Germany bans Islamic organisation as police search 190 sites
Hundreds of police officers searched 190 offices, mosques and apartments of members and supporters of the Islamic group The True Religion as the German government announced it was banned.
Police raided places in 60 cities in western Germany and also in Berlin, seizing documents and files, German interior minister Thomas de Maiziere said. Nobody was detained.
The group, also known as Read!, has been distributing German-language copies of the Koran across the country. The interior minister said that more than 140 youths had travelled to Syria and Iraq to join fighters there after having taken part in the group's campaigns in Germany.
"The translations of the Koran are being distributed along with messages of hatred and unconstitutional ideologies," de Maiziere told reporters in Berlin. "Teenagers are being radicalised with conspiracy theories."
Young men in long robes and bushy beards handing out German copies of the Koran have been a common sight in central and shopping areas across Germany for several years.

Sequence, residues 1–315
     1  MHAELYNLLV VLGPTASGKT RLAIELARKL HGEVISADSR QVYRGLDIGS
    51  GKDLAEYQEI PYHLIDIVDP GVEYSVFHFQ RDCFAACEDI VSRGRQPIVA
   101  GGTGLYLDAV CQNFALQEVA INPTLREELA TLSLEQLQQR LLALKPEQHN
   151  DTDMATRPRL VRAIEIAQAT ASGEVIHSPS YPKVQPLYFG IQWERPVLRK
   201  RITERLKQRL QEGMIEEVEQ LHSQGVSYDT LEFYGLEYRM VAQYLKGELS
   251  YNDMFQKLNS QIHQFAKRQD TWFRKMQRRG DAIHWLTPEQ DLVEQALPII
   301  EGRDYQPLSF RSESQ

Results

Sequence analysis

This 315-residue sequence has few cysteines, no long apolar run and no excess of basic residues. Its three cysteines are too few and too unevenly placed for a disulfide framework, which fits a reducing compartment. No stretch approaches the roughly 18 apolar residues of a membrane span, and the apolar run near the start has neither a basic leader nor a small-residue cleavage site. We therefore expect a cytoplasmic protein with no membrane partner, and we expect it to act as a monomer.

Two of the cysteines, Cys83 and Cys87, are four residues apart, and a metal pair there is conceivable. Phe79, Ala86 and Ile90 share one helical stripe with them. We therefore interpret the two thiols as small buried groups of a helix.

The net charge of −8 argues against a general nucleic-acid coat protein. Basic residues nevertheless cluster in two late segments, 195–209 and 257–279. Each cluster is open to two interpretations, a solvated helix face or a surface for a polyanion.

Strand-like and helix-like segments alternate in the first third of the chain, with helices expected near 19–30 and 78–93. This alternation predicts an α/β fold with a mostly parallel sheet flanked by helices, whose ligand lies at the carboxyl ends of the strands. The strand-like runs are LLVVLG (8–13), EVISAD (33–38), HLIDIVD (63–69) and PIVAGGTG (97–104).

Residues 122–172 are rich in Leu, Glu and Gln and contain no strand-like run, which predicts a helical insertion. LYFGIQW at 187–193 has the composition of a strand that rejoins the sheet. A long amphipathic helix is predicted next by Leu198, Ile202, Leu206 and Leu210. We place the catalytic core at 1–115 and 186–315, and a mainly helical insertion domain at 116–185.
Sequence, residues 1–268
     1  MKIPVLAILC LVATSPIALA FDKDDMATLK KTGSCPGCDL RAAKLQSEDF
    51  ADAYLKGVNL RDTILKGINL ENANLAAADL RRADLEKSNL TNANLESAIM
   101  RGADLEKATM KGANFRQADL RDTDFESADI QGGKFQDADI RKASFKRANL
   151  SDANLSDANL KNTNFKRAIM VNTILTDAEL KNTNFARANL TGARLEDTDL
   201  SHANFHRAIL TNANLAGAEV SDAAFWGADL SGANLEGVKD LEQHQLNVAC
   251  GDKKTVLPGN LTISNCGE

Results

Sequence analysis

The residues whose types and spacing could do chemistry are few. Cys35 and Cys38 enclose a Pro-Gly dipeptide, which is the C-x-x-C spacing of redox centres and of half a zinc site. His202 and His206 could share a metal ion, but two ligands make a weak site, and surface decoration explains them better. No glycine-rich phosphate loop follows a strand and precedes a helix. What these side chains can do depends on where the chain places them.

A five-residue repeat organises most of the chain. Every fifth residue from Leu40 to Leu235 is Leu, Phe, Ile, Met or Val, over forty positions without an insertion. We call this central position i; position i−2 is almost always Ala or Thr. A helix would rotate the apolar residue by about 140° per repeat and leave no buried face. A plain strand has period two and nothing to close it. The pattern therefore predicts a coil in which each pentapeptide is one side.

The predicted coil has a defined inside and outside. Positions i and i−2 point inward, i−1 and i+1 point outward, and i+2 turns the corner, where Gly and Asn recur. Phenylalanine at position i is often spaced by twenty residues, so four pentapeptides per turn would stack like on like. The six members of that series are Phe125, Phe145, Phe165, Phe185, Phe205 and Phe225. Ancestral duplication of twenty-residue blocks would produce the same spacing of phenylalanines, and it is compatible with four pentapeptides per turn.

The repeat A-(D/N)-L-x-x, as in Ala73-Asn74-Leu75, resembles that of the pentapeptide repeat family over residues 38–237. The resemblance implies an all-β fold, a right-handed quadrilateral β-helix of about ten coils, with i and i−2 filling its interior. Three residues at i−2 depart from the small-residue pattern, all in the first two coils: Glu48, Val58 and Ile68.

The banning of the group comes a week after security authorities arrested five men who allegedly aided the Islamic State group in Germany by recruiting members and providing financial and logistical help.
The recent operations suggest that the German government is trying to clamp down on radical Islamists.
The German interior minister stressed that the ban does not restrict the freedom of religion in Germany or the peaceful practice of Islam in any way, but that the group had glorified terrorism and the fight against the German constitution in videos and meetings.
"We don't want terrorism in Germany and we don't want to export terrorism," de Maiziere said, adding that the ban was also a measure to help protect peaceful Islam in the country.